Throughout the Tanakh (Old Testament) in the law, writings and the prophets, we read about the ‘Angel of the Lord’ or sometimes a ‘Man’ or the ‘Captain of the army of the Lord’ who mysteriously appeared. Examples include meeting Hagar and promising her a child, appearing to Abraham by Mamre before he interceeded for Sodom, wrestling with Jacob, meeting Moses at the burning bush, appearing to Joshua with drawn sword, encouraging Gideon, explaining to Samson’s parents about the child they would bear, emerging to David between heaven and earth and walking in the fiery furnace with Daniel’s friends with a form like the Son of God. In some encounters the biblical characters were astounded that they had seen God and survived (Genesis 32:30; Judges 6:22-23; 13:22).
No man shall see me and live (Exodus 33:20)
When Moses asked to see God’s glory, God hid him in the cleft of the rock and he couldn’t see God’s face since if he did he would die (Exodus 33:20).
Therefore, is the Angel of the Lord, Metatron (a representative ambassador speaking as though on behalf of God), or the angel Michael, or Messiah?
Just an important messenger?
The word for angel in Hebrew is transliterated ‘malakh’ meaning messenger. It is evident that the messenger has unique characterics. Jacob called the name of the place where he fought with God ‘Peniel’, since he had seen God face to face and his life was preserved (Genesis 32:30). The messenger also said that Jacob had struggled with God and man and prevailed (Genesis 32:28). Curiously he did not reveal his name, though he assured Jacob that his name would no longer be Jacob but Israel.
When the Angel of the Lord met Moses at the burning bush, the terms ‘the Angel of the Lord’ and ‘the Lord’ were used interchangably. Also, Moses was told to remove his sandals since the ground was holy, and he revealed Himself as the God of Abraham, Isaac and Jacob (Exodus 3:1-6).
Before taking Jericho, the Captain of the army of the Lord appeared to Joshua with drawn sword. He instructed him to remove his sandals for the ground was holy and he received worship in some ways akin to his appearance to Moses (Joshua 5:13-15).
When the Angel of the Lord appeared to Gideon, like Joshua, he prepared him for battle. The terms ‘the Angel of the Lord’ and ‘the Lord’ were again used interchangeably and he reassured Gideon that he would not die (Judges 6:11-23).
When Manoah and his wife met the Angel of the Lord, he responded cryptically to their question about his identity, “Why do you ask My name, seeing it is wonderful (Judges 13:18)?” The Angel of the Lord ascended in the flame of the altar like with Moses at the burning bush and Manoah’s wife assured him that though they had seen God they would not die (Judges 13:20-25).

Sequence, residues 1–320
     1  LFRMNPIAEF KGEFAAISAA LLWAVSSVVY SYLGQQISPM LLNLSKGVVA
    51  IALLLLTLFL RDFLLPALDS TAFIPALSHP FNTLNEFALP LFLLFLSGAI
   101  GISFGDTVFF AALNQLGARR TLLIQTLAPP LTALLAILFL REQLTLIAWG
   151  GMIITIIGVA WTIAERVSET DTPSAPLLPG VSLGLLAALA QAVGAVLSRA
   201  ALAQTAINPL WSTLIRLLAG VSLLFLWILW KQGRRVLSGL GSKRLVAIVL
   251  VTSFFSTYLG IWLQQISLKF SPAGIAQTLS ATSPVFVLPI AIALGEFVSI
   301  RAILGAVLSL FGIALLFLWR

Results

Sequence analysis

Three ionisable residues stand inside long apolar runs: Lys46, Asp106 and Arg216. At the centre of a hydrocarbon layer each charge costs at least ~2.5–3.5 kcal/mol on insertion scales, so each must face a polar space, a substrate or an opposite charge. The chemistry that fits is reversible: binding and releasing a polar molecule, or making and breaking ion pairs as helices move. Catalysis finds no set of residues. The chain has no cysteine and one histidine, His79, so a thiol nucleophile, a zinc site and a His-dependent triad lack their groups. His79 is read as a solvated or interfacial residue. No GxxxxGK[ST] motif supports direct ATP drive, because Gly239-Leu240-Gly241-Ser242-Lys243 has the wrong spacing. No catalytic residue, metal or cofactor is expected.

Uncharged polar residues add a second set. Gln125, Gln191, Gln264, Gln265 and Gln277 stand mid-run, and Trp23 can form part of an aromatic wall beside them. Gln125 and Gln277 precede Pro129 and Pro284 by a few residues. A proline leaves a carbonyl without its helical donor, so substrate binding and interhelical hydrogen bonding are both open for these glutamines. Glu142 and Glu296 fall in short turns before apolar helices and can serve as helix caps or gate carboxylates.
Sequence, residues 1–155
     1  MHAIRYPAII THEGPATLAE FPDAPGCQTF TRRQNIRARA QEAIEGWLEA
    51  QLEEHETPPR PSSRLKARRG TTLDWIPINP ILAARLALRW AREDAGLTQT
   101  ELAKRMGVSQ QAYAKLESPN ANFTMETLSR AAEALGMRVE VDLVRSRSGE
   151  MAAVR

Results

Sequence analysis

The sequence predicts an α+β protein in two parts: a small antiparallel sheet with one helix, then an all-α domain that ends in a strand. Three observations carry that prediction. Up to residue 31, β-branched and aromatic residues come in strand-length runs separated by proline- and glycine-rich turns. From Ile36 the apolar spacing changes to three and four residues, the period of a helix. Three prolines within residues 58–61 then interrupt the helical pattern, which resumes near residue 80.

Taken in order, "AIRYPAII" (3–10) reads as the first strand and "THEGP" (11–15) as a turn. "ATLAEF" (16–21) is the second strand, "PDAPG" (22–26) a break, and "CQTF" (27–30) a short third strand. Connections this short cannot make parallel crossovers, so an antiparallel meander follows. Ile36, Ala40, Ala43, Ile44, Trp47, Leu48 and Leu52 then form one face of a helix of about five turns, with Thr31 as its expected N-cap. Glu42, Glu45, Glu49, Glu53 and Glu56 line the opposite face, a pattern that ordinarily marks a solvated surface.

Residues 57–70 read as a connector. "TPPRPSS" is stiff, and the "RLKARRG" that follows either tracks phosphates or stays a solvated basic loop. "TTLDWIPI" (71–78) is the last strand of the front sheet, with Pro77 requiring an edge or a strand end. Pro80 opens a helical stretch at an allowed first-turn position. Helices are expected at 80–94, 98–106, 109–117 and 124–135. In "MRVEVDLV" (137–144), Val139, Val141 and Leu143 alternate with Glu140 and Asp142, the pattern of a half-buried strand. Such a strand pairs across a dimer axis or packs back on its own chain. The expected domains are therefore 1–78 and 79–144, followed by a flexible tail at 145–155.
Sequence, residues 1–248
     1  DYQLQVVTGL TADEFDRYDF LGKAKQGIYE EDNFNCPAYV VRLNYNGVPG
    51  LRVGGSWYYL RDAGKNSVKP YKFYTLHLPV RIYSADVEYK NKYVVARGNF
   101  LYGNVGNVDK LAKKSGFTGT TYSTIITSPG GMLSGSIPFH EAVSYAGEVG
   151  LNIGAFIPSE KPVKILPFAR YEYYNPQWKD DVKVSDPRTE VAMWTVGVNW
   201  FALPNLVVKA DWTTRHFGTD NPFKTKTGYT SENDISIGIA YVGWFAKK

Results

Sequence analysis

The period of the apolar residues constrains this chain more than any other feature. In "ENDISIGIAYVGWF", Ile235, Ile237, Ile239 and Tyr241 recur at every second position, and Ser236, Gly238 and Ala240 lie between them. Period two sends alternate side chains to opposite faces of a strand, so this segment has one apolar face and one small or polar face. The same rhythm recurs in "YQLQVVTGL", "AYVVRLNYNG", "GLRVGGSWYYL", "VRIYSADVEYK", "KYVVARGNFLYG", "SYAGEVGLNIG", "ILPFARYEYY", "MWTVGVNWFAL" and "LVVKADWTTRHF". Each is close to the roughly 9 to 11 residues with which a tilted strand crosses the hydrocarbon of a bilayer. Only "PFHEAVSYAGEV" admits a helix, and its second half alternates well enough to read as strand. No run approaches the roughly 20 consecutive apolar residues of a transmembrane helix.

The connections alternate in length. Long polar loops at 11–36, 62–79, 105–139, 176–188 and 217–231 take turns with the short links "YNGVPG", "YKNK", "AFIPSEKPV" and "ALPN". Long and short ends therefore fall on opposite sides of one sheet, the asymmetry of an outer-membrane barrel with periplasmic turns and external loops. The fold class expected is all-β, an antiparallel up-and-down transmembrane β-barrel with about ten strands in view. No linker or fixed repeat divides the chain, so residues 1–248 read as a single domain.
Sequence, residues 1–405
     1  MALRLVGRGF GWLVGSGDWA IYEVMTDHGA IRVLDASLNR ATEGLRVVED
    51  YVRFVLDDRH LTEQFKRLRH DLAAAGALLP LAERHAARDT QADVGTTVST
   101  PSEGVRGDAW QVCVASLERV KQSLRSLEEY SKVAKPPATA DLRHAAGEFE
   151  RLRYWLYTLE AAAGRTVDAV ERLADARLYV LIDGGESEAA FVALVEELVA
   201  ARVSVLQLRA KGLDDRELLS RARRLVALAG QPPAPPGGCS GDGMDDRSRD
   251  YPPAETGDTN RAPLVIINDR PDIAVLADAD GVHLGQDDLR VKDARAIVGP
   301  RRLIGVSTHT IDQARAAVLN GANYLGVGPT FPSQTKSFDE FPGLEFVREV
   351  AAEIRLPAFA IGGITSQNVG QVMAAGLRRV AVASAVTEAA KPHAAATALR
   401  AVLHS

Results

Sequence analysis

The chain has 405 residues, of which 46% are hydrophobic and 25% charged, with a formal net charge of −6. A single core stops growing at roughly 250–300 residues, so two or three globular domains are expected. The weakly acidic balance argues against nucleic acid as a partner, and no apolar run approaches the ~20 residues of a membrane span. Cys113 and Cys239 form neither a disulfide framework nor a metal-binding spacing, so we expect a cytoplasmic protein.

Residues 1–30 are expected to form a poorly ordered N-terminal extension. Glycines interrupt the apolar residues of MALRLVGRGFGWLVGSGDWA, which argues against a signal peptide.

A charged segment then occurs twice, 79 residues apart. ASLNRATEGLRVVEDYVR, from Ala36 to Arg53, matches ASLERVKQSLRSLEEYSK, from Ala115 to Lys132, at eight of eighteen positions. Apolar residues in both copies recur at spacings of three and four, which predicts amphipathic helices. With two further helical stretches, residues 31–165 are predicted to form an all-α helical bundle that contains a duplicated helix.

When Daniel’s friends survived the fiery furnace, the fourth man was like the Son of God (Dan. 3:24-25) reminding us of Isaiah 43:2 and God’s presence.
Prophecy about the Son of God
Psalm 2:12 foretells Messiah’s triumph and kingdom: “Kiss the Son lest He be angry and you perish in the way, when His wrath is kindled but a little, blessed are those who put their trust in Him.”
Agur wrote in Proverbs 30:4b, “Who has established all the ends of the earth? What is His name, and what is His Son’s name, if you know?”
Isaiah wrote in Isaiah 9:6, “For unto us a Child is born, unto us a Son is given; and the government will be upon His shoulder. And His name will be called Wonderful, Counsellor, Mighty God, Everlasting Father, Prince of peace.”
Greater than the Angels
In the Brit Hadasha (New Testament) we read in Hebrews 1:1-13 that Yeshua (Jesus) is the express image of God and is so much better than the angels. The writer quotes Psalm 45:7 in support, “Therefore God, your God, has anointed You with the oil of gladness above your companions.”
Also compare how the angel Michael and the Lord Jesus responded differently in rebuking Satan. In Matthew 4:10, Jesus said to him, “Away with you, Satan!” But in Jude 9, “Yet Michael the archangel, in contending with the devil, when he disputed about the body of Moses, dared not bring against him a reviling accusation, but said, “The Lord rebuke you!’” Furthermore, Yeshua received worship (John 20:28-29), though angels refuse worship (Revelation 19:10; 22:8-9).
The Angel of the Lord was Jesus the Messiah
The Angel of the Lord was Yeshua (Jesus), the Messiah in preincarnate form. He is Immanuel, meaning God with us. He is both the Jewish Messiah and the Saviour of the world.